Where Mayor de Blasio’s Rezoning Proposals Stand

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From a city presentation on the Southern Boulevard study.

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Una versión en español de este artículo está aquí.
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From President Obama’s farewell and Donald Trump’s inauguration to North Korea’s missile plans and Germany’s looming election, national and international stories dominate our collective anticipation for what 2017 will hold. But this will also be a newsworthy year for the New York City neighborhoods that have been targeted for a rezoning as part of the mayor’s plan to build and preserve 200,000 units of affordable housing.

Here’s a rundown of the potential rezoning neighborhoods, their current status, and what we’ll be watching for this coming year.

East New York — The City Council approved the De Blasio administration’s rezoning proposal for this neighborhood last April after securing promises of a variety of community benefits. Nine months later, the city has begun planning for a new community center and a new school, has opened up a Workforce1 Career Center, and is seeking a developer to build rent-restricted housing on public land. Meanwhile, neighborhood groups are reporting an increase in harassment and are campaigning for stronger anti-displacement mechanisms.

The de Blasio administration said it was unlikely that the low-income neighborhood would see any market-rate development for several years. We’ll be watching to see how fast the market heats up and whether any housing—affordable or otherwise—comes online.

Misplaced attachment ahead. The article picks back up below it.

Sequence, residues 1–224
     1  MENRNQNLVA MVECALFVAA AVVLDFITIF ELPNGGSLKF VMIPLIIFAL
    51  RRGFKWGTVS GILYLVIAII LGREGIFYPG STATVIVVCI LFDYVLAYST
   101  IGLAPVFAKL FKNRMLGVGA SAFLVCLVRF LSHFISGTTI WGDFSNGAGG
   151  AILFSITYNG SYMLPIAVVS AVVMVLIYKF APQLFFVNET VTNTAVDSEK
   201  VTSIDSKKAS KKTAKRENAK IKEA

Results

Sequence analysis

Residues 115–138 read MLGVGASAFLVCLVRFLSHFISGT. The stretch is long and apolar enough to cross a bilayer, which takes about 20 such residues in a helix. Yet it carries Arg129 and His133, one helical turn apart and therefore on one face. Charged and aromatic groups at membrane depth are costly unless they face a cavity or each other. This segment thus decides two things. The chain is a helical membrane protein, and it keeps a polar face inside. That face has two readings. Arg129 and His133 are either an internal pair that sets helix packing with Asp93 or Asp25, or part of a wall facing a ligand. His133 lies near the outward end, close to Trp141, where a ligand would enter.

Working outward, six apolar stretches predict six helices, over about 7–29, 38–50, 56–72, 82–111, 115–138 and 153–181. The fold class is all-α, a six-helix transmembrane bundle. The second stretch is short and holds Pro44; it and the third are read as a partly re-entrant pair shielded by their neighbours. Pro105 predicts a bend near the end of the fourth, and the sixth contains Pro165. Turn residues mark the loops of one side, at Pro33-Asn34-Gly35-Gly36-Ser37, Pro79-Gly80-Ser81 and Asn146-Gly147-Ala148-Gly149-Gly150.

Flushing — It would have been the second rezoning proposal to come up for a vote, but local elected officials and the de Blasio administration put the kibosh on the plan, citing a variety of infrastructure concerns and technical challenges.

Instead of pursuing a rezoning, the city is expected to release a report in April that will offer suggestions as to how future private developers in the area can enhance the accessibility of the Flushing Creek waterfront. We’ll be watching for that report, as well as to see how the city responds to advocates’ calls for more affordable housing and infrastructure investments.

Bay Street — Since July, the city has been preparing a Draft Environmental Impact Statement (DEIS), a document that will analyze the potential environmental impacts of this rezoning proposal for northeast Staten Island. Councilmember Debi Rose’s office expects that DEIS to be released in the next few months, followed immediately by the launch of the Uniform Land Use Review Procedure (ULURP), the seven-month public review process that culminates in a City Council vote on the proposal.

We’re waiting to read that DEIS to see the projected impacts of the proposal on local infrastructure, open space and displacement. In addition, we’ll be watching to see if community groups—some calling for more deeply affordable housing, others for more open space—have had any impact on the Economic Development Corporation’s plans for several parcels of public land in the area.

Far Rockaway – The rezoning process in this neighborhood is moving forward rapidly. The city began preparing a DEIS in October, but Councilmember Donovan Richard’s office expects it will be released and ULURP launched by the end of January. In September we noticed significant community support for commercial redevelopment of the area, but some concern about the addition of new housing units, about how the city would use public land in the area, and about the city’s potential to use eminent domain to acquire some parcels.

We’ll be waiting to hear community reactions to the forthcoming DEIS and following the saga of the abandoned shopping center owned by the infamous landlord Rita Stark, who died in October. There are signs her estate may be finally cooperating to facilitate development.

Jerome Avenue – The city began preparing a DEIS for this western Bronx rezoning proposal in November, and stakeholders expect it to be released, and the ULURP process launched, sometime this spring.